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The only thing I was disappointed in was the fact that I could not find out anything paternal, which was one of my main reasons for doing it.
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Old 11-25-2013, 07:52 AM
 
Location: Illinois
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Quote:
Originally Posted by Pikantari View Post
The only thing I was disappointed in was the fact that I could not find out anything paternal, which was one of my main reasons for doing it.
Have a brother, paternal uncle, or paternal cousin tested.
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Old 11-25-2013, 07:58 AM
 
Location: Baltimore, MD
3,701 posts, read 3,996,067 times
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Genealogically, I find both FTDNA and 23andMe excellent for finding relatives, each has its pros and cons, which is why many genealogists sign up for both. I have used FTDNA's chromosome browser (no need to invite matches) to pin down an ancestor-in-common with a 23andMe subscriber. OTOH, I have had more invitations to share from 23andMe subscribers than FTDNA. My closest match on 23andMe has not responded to my request to share genome. Had he subscribed to FTDNA, I could have compared his chromosomes without his prior consent.

The report of health risks is great, but the provision of the raw data that supports the underlying report is simply incredible. It is a fantastic tool (when combined with Firefox's add-on) that allows subscribers to easily consider their own SNPS in relation to the newest biogenetic discoveries.

If 23andMe is able to add some of the genes that were previously protected under intellectual property laws, their product would be an absolute blow out!
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Old 11-25-2013, 07:58 AM
 
Location: a primitive state
9,540 posts, read 19,417,284 times
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I got my brother to do submit his dna because we were having trouble tracing my father's side of the family. Obviously I can't get results for the Y line. Our results were interesting enough but nothing earth-shattering.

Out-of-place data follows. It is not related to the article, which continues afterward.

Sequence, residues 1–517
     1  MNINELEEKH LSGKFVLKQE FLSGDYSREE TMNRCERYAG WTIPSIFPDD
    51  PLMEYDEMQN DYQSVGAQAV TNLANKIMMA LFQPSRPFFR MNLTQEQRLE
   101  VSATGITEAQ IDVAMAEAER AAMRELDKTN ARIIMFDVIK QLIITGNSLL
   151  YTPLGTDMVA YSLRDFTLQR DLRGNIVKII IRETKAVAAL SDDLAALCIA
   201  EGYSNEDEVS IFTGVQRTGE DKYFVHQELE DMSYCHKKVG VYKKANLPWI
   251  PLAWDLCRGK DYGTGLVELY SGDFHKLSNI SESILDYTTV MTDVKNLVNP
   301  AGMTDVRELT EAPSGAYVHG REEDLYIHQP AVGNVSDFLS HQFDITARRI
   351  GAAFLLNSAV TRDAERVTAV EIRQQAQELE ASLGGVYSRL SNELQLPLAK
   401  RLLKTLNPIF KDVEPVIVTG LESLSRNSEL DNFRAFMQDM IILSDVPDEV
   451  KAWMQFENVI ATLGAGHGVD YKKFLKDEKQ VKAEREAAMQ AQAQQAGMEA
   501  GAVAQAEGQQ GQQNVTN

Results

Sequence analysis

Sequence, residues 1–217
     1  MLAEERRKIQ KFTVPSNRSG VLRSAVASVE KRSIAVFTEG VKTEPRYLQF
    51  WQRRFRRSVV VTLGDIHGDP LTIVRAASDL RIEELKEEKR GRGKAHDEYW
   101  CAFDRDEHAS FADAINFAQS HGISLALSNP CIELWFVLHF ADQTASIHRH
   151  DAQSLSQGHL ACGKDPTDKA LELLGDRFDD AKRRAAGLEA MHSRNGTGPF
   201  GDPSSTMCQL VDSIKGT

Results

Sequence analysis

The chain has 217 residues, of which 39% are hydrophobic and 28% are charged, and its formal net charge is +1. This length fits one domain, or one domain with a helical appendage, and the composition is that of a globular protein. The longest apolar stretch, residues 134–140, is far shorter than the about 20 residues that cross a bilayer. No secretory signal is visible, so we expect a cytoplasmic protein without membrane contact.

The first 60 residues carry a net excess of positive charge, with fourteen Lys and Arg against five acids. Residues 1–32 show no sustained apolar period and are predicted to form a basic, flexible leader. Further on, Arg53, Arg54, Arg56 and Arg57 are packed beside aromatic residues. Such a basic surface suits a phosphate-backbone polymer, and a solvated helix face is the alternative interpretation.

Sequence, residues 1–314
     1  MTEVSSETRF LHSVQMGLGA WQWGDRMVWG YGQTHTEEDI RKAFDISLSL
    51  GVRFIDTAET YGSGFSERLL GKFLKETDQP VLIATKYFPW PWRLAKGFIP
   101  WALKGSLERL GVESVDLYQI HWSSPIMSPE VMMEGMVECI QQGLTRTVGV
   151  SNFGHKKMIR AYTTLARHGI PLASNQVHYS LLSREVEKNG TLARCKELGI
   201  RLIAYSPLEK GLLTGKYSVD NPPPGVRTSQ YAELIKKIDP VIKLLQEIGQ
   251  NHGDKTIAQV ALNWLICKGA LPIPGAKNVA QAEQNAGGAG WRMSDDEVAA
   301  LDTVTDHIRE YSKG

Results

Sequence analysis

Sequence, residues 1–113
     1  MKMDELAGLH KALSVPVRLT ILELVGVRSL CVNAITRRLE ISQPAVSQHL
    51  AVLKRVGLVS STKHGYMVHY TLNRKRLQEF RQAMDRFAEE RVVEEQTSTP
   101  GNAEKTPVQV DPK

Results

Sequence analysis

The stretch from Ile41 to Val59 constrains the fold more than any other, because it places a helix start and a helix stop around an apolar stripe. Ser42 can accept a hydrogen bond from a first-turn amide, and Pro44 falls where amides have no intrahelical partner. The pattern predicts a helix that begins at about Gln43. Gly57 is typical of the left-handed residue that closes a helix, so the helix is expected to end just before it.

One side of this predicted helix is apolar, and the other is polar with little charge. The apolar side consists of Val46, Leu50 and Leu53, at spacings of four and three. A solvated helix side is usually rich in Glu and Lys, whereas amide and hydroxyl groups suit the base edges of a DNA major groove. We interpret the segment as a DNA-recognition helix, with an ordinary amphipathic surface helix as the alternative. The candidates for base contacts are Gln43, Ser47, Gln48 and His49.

Now here's the crazy thing that I don't understand: once we got our family connection part of the info where they tell you that you're closely related to this person in Australia or this one in Scotland or someone else a few miles down the road, I started shaking my head no. There's no way that 90% of them were closer than 5 generations removed, especially those still in Europe. No one on any line of our family arrived in the US later than 1841, because I have solid records for everyone back to that point. Technically, we have no 3rd cousins in Europe but that's what 23andMe was inferring. Yes, the men may share Y-DNA but that doesn't make us closely related, does it? And then there was a woman who was supposedly related to us somewhere in the UK but to my understanding, it can't be because of traditional genealogical ties - she must have had a large set of common DNA markers, because otherwise we're not related at all.

I think there's a lot more filler in those results than true answers. Maybe, once there's a larger sample we may see some semblance of accuracy, but I'm not impressed thus far.
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Old 11-25-2013, 08:01 AM
 
1,661 posts, read 1,873,708 times
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Quote:
Originally Posted by Six Foot Three View Post
I fairly well knew that i was going to belong to haplogroup '''R1b''' paternally since over 80% of the british isles native peoples belong to R1b (going back to the bronze age) as my surname is 100% English and also our ''american patriarch'' William (known by our family tree) who had immigrated from Plymouth, England to Charleston, South Carolina during the 1700's as well as looking at my dad and granddad as they both are/were light skinned that burned easy when in the sun and so no surprise there.